Pinocchio (1940)

  • Time: 88 min
  • Genre: Animation | Comedy | Family
  • Directors: Hamilton Luske, Ben Sharpsteen
  • Cast: Dickie Jones, Cliff Edwards, Walter Catlett


Inventor Gepetto creates a wooden marionette called Pinocchio. His wish that Pinocchio be a real boy is unexpectedly granted by a fairy. The fairy assigns Jiminy Cricket to act as Pinocchio’s “conscience” and keep him out of trouble. Jiminy is not too successful in this endeavor and most of the film is spent with Pinocchio deep in trouble.

One comment

  • It’s hard to believe that Pinocchio was released in 1940. I remembered seeing The Lion King (1994) and Pinocchio on the same day on home video when I was very young. Despite being entirely different stories, I thought that they were made around the same time. It was only after I grew up that I found out the latter was created seven decades ago!

    This revelation goes to show two things: One, Walt Disney animated features have been remarkably consistent over the decades. Two, Walt Disney animated features have been very much a part of everyone’s childhood, no matter when, no matter where.

    Pinocchio is a near masterpiece, a film that has been etched in popular culture in various ways. Its theme song ‘When You Wish Upon a Star’ is one of the most famous songs of all-time, with its music even making its way into a part of John Williams’ original score for Steven Spielberg’s Close Encounters of the Third Kind (1977).

    “Never tell lies,” as your parents would say, “or your nose will be as long as Pinocchio’s.” Even Roberto Benigni, who directed the extraordinary Life is Beautiful (1997), felt compelled to play the title character in his universally-derided live-action version in 2002.

    Disney’s Pinocchio is different from the source material written by Carlo Collodi in the early 1880s. Only the second Disney classic to be produced after the successful Snow White and the Seven Dwarfs (1937), Pinocchio is a magical experience filled with human drama, thrills, double-crossing, a bit of fantasy, and some truly scary moments.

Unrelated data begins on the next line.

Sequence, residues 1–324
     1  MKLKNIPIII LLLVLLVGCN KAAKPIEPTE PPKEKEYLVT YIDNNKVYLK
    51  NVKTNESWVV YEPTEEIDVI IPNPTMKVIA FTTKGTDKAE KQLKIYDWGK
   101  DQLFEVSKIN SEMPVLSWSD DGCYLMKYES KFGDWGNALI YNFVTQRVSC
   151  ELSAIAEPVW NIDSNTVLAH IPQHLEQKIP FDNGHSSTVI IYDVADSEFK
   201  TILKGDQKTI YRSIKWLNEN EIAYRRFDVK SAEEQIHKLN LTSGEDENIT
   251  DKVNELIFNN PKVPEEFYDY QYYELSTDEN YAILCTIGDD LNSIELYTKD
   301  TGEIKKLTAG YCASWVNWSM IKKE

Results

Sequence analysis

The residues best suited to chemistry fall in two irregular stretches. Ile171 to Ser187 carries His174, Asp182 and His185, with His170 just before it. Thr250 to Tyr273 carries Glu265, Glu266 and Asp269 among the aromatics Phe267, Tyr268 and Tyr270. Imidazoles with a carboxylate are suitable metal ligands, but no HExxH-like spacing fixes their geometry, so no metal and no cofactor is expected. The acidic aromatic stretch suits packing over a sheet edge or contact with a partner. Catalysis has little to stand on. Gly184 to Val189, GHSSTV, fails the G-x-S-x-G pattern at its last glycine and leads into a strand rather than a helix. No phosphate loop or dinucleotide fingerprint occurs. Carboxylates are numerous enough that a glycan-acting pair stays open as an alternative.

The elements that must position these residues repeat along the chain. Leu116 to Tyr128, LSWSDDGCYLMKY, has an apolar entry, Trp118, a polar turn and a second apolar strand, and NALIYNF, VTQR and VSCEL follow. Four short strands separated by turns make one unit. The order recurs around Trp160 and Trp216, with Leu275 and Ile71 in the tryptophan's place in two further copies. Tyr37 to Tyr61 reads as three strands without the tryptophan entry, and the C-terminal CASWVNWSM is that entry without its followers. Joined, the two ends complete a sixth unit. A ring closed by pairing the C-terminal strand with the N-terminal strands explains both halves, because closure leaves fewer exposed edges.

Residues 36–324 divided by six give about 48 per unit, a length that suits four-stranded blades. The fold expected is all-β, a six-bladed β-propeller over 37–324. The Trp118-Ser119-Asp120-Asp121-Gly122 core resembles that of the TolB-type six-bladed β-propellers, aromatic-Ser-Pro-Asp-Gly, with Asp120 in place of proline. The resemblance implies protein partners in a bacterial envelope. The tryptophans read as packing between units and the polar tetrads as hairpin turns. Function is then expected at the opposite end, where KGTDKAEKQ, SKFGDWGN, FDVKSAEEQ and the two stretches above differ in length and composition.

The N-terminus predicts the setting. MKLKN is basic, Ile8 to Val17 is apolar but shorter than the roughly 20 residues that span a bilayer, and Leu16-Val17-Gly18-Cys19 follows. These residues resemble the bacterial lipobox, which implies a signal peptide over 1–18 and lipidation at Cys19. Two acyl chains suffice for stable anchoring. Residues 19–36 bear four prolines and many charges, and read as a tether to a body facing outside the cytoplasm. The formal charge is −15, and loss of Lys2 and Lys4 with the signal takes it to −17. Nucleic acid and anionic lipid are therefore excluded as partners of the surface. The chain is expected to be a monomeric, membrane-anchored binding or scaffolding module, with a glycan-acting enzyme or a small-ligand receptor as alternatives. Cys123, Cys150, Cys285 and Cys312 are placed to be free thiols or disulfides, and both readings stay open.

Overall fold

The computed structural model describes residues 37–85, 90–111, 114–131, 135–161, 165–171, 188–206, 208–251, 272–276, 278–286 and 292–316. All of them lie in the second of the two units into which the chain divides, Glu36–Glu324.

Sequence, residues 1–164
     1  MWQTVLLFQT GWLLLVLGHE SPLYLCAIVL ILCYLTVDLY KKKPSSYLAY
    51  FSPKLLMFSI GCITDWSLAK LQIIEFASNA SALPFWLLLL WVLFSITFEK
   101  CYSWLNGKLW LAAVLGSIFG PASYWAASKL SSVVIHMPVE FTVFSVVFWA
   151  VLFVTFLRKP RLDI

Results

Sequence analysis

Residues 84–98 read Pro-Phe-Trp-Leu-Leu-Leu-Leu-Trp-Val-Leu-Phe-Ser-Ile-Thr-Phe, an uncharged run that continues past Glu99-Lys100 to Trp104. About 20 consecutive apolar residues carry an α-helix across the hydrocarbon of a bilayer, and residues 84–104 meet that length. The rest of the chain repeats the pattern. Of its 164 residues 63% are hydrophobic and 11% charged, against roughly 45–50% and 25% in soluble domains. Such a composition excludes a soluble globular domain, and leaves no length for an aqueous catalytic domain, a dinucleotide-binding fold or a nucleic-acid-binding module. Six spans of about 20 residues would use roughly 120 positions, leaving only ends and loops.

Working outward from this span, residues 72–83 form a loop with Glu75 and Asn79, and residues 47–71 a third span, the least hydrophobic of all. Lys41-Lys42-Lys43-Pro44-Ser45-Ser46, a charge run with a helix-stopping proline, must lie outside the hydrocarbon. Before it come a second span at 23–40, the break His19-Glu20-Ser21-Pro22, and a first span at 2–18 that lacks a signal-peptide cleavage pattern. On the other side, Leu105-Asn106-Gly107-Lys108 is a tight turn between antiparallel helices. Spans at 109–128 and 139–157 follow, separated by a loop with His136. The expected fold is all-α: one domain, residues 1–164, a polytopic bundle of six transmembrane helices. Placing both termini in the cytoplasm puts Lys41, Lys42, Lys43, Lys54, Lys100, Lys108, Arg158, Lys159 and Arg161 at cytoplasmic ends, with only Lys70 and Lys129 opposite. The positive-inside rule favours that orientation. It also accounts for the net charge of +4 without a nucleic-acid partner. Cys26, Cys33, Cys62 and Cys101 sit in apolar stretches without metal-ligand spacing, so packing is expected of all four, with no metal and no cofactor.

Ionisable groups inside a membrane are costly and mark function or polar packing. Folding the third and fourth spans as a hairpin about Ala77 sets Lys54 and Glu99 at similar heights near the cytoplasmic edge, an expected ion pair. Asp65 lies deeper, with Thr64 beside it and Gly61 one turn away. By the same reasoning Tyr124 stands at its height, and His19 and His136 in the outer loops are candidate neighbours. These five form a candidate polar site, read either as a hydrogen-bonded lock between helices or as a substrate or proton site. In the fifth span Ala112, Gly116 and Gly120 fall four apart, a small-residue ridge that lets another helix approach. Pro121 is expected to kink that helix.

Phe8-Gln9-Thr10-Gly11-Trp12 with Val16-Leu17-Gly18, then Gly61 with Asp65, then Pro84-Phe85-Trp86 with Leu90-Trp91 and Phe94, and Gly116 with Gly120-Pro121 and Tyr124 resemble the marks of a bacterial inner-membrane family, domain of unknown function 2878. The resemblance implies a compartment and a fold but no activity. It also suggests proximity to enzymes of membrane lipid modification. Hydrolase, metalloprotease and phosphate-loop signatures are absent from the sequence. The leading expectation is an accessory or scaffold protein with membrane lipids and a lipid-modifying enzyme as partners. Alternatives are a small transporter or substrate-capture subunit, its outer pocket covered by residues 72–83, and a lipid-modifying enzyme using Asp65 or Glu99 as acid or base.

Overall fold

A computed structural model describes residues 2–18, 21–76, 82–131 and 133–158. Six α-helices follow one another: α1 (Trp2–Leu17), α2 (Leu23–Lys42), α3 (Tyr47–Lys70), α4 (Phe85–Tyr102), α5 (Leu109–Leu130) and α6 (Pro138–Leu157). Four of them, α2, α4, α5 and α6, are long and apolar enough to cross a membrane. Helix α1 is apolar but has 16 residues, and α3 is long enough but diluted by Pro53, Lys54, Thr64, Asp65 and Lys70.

It is wonderfully hand-drawn, and despite the painstaking process, it features some of the most impressive visuals in the Disney canon such as the final act set in the ocean floor, and a first act that sees an assortment of clocks entertain with precise movements.

    The story is a tale of redemption, of a stringed-puppet who is turned into a wooden boy by the Blue Fairy. He succumbs to temptations, but learns life lessons in a harrowing adventure with his ‘conscience’ Jiminy Cricket as they escape the clutches of evil people and creatures out to harm them. He redeems himself with his courage and selflessness, and fulfills his ‘father’ Geppetto’s dream of wanting a real boy.

    Pinocchio is both touching and hopeful, despite some frightening material that could be nightmarish to kids. There are scenes of boys turning into donkeys in a slave island, Pinocchio locked in a cage, and almost all the scenes with Monstro, the original He-Who-Must-Not-Be-Named, are intense.

    There is one particular ‘jump’ scare when a school of fish swims past the humongous whale’s eye. All these can be distressful to small children, and I’ve to admit I was psychologically scarred when I first saw Pinocchio.

    Still, Pinocchio is very much a film that would resonate with anyone who dares to dream, for dreams do come true to good people. So be good and wish upon a star, and you may just get your Blue Fairy. A must watch for fans of Disney classics!

    Verdict: Touching, and bone-chilling at times, this timeless Walt Disney classic is a near masterpiece.

    GRADE: A

Leave a Reply

Your email address will not be published. Required fields are marked *